John's story: A breakthrough that will save lives

John and his family know the impact that heart disease has on loved ones. They also know how important research is in saving lives. 

In 1990, John was suffering from severe heart pain, which in his own words, “just about put me on my knees”. An angiogram – a medical imaging technique used to see the inside of blood vessels – revealed that John had three major blockages. John had triple bypass surgery immediately. And in the years since, numerous hospital visits and a number of stents have kept him alive.

“It’s been a worrying time for my wife.”

Thanks to research like that done at the HRI, John has had an extra 25 years to continue to do the things he loves – enjoying time with his wife Elizabeth, their three children and five grandchildren, hanging out with his work mates and enjoying his garden. 

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“Without the research and the technology that’s available, I definitely wouldn’t be alive today.” 

Stents have given John an extra 25 years. But they've also meant numerous trips back to hospital, and daily medication.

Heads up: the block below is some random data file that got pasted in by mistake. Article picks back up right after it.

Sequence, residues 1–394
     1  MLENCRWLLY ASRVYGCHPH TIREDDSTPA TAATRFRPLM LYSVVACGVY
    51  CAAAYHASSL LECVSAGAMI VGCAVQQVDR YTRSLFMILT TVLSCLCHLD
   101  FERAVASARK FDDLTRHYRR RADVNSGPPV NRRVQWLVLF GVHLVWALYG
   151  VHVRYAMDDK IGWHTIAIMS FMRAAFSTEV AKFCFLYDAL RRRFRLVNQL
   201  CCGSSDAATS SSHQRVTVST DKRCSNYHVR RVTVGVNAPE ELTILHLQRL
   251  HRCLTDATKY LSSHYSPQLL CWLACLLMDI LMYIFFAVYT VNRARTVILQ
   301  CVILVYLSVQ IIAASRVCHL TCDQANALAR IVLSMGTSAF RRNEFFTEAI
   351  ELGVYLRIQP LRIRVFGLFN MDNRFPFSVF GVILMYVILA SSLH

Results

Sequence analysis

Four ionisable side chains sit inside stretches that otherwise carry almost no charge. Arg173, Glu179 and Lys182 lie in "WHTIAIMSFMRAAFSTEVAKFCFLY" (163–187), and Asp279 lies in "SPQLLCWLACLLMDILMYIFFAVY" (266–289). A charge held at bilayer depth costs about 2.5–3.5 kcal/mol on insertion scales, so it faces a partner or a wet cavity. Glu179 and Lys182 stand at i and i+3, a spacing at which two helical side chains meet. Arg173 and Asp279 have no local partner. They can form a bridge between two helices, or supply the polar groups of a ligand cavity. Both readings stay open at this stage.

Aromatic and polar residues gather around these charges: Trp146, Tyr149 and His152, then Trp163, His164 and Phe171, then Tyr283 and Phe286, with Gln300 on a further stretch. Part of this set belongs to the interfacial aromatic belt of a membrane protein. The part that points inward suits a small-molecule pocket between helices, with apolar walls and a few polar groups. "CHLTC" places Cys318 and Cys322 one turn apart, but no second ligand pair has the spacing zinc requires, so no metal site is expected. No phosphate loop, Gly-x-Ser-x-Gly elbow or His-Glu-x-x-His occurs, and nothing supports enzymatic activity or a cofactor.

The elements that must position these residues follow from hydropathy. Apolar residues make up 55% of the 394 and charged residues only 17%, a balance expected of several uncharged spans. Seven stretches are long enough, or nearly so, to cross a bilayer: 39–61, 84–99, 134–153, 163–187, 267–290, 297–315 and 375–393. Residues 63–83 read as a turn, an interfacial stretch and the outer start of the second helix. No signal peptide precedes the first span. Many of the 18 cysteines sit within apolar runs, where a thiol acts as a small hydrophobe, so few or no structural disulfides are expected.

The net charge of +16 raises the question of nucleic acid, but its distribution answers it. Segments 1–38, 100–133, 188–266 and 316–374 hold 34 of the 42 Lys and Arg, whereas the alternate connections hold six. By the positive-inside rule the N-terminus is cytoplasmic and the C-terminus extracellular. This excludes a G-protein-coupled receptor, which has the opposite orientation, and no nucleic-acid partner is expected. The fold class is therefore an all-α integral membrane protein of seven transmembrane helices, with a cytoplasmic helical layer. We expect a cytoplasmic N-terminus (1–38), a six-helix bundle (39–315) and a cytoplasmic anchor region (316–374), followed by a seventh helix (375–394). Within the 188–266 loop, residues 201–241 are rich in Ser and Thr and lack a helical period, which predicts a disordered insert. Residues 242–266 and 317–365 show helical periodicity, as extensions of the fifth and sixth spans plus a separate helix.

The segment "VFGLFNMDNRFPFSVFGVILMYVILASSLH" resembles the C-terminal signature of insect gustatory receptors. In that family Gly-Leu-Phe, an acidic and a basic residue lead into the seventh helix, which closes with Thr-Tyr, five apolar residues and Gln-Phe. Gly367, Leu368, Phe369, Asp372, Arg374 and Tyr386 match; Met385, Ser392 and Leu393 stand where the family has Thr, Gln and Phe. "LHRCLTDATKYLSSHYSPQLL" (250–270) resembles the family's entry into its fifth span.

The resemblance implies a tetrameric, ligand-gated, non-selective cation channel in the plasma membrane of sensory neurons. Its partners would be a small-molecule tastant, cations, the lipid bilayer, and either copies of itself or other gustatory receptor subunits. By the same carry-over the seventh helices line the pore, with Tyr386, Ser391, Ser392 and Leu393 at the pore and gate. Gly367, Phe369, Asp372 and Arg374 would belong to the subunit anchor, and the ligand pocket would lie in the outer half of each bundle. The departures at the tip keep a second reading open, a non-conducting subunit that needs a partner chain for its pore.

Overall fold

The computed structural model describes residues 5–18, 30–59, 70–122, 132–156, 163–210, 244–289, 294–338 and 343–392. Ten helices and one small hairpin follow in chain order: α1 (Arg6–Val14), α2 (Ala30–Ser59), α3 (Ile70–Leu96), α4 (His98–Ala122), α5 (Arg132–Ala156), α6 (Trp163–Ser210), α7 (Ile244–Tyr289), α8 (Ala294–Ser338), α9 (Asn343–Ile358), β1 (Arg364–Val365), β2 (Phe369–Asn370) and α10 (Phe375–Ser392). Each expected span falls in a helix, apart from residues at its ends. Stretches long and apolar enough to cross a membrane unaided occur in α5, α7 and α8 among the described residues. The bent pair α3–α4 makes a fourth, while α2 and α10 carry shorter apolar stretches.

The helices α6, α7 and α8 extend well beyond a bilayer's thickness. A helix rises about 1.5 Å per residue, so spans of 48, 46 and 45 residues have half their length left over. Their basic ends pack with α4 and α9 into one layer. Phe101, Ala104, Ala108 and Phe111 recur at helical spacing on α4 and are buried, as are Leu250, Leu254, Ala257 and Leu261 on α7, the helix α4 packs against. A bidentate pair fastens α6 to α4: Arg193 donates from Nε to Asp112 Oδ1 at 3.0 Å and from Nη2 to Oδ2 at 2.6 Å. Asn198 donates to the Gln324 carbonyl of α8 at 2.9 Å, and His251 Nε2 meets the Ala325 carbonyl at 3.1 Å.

The reality is, for people like John, the same stent that is saving his life could also be the one that ends it. That’s because the body treats stents as foreign and the risk of blood clots is ever present. Stents are tiny metal scaffolds inserted to reopen the blocked artery and supply blood back to the heart.

In a world first, we’ve invented a stent coating that fools the body into better acceptance. 

The natural coating we’ve developed in collaboration with our partners, tricks the body into treating stents like normal tissue – rather than as a foreign invader.

The results we’re seeing are fantastic. But we’re at the expensive stage of the development and we need your support.

Your donation will allow HRI to do more pre clinical studies, and keep our team members working on this important research. 

Eighty-five per cent of our funding comes from donations from the public so we simply can’t do this without you. 
Please, donate to ensure this groundbreaking work can continue.